Freeze Casting and Freeze Drying
FREEZE CASTING: Lead by Team Member Theo Woodson
Freeze casting is a fabrication process in which a suspension of solid and liquid particles is frozen to create unique microstructural features. As the solvent, or liquid phase, in the material is frozen, the solidifying growth front separates the solid phase particles, segregating and templating the particles into a distinctive pattern. After the suspension is fully solidified, the frozen solvent is removed via sublimation. Sublimation is the direct transformation of a material from the solid phase to the vapor phase, without passing through the liquid phase. When the solvent is fully removed, a porous structure remains where the ice was formed. The goal of freeze casting, with regards to solid oxide fuel cell research, is to develop a porous layer that will allow gas to easily diffuse into the cell, increasing its efficiency and power output. The four basic steps in the Freeze Casting include: Material Preparation, Filling the Mold, Freezing, and Freeze Drying. Figure 1 shows the mold setup during freeze casting and freeze drying stages.
Preparation of the suspension includes mixing the ceramic materials, solvent and any other additives, adjusting pH levels and fine tuning slurry rheology. This mixture is called slurry, slip, or ink and are considered complex multiphase systems. After the slurry has been mixed, it is injected into the mold, frozen, and then sublimated to create a green body. The green body is sintered to burnout unneeded additives and to agglomerate the ceramic powders. The green body will act as the anode support layer, mechanically supporting the cell and providing gas delivery pathways, which will be further processed with electrolyte and cathode layers to complete the fuel cell.
Filling the Mold is an important step during freeze casting as the material must be processed by a freezing medium in order to solidify. Many different techniques are being studied for this procedure to best optimize the results of experimentation. Once the mold is filled, freezing can begin.
In the freezing step, the water or solvent is frozen into the slurry. During this step the solvent is solidified in order to template the ceramic material. Many process parameters affect the resultant microstructure including freezing temperature, casting time, freezing rate, solids loading and others. The freezing step is very important in developing the microstructure as the material is not able to revert form once frozen and the manner in which the solvent solidifies will dictate the formation of pores within the structure. After the freezing stage is complete, the mold is transferred to a freeze drying apparatus to remove the frozen solvent.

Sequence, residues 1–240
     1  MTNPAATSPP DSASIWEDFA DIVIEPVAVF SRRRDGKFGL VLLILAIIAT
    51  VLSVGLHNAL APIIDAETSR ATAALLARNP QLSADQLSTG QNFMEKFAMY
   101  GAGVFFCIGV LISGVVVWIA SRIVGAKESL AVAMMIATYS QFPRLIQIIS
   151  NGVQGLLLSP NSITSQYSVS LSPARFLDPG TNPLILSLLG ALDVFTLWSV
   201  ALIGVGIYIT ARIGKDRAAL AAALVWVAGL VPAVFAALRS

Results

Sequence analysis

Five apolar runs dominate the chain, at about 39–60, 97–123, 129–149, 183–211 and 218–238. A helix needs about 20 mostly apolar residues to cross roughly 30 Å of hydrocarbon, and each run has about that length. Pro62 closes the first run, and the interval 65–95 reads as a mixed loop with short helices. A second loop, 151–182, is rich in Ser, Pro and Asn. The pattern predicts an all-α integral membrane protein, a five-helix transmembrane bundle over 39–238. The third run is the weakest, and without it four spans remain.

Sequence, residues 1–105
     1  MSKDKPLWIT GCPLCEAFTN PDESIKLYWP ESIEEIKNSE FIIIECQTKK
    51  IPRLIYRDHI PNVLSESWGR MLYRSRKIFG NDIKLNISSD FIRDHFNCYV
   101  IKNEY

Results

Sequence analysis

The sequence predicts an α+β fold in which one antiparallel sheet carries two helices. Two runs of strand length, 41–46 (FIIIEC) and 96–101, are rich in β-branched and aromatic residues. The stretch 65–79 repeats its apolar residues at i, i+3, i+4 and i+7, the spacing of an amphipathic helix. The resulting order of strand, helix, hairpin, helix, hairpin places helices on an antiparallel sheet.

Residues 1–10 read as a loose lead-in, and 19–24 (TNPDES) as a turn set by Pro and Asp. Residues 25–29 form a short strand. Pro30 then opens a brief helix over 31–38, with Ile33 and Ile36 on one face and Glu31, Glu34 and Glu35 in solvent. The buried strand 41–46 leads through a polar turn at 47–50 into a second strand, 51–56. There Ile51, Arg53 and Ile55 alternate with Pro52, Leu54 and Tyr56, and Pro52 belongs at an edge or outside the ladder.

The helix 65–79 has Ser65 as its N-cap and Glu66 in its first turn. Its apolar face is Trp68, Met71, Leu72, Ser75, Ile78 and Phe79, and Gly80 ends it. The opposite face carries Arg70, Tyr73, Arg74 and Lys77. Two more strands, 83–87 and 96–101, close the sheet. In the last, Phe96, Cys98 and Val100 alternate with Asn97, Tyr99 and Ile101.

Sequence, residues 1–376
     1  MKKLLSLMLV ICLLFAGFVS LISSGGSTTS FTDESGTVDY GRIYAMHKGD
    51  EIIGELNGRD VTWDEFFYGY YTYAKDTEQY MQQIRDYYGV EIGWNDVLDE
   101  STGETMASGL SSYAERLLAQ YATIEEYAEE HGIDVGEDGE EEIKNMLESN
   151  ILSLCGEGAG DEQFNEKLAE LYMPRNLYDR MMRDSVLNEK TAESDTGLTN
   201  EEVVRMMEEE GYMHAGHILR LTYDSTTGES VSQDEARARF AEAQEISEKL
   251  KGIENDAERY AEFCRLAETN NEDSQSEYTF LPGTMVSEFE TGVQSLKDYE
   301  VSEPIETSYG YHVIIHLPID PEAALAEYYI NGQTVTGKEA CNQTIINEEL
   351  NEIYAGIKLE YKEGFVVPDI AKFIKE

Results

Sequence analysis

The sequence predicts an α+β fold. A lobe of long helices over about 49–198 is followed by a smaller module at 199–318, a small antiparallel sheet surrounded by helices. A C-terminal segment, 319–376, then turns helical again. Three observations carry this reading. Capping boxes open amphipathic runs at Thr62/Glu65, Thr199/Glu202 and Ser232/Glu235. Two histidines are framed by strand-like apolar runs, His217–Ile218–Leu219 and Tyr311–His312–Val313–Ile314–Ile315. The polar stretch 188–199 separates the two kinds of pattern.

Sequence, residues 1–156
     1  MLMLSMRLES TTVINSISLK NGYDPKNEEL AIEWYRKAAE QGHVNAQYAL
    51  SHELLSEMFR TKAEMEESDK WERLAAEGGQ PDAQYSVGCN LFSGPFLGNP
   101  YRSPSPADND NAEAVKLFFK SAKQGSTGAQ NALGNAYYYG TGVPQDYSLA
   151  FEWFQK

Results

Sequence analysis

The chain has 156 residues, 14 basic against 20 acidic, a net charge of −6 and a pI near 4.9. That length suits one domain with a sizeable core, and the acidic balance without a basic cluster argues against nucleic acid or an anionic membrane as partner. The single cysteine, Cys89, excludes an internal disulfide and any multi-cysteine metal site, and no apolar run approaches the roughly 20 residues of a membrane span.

Sublimation occurs when a solid material transforms into a gas, skipping the liquid phase. Through sublimation, we are able to remove the solvent crystals from the slurry, leaving behind an empty space. This void is what gives the material porosity for gas diffusion. In the freeze drying step, pressure and temperature are controlled in accordance with the material’s phase diagram in order to sublimate the frozen solvent. Pressure is controlled by a vacuum, and temperature is controlled by a recirculating chiller. By controlling the freezing conditions and process parameters, the crystal growth of the solvent can be tailored and manipulated into different architectures to perform useful tasks thus demonstrating the usefulness of the technique. Images of developmental microstructures is shown in Figure 2.
Images showing microstructure development and acicular patterns
The research aim of this project is to enhance Tubular Solid Oxide Fuel Cell (T-SOFC) performance by decreasing gas diffusivity resistance and therefore increasing triple phase boundary (TPB) reactions. The TPB in SOFCs is where the gas, electric and ionic phases meet and electricity is converted. Enhancing the TPB will increase fuel cell performance and increase commercial viability. Freeze casting as a manufacturing technique can be used for many other purposes such as bone and dental implants, turbine blade manufacturing, permeable filtration membranes and many others. Freeze casting is considered to be a technique that uses minimally harmful chemicals and environmentally benign processing methods.